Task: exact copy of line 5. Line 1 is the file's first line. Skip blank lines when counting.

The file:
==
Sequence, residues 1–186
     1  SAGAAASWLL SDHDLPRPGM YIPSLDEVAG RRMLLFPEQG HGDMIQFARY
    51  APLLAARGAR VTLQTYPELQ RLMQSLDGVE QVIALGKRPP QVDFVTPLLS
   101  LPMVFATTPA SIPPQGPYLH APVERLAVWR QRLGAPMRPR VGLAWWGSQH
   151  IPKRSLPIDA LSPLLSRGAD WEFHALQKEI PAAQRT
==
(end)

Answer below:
   151  IPKRSLPIDA LSPLLSRGAD WEFHALQKEI PAAQRT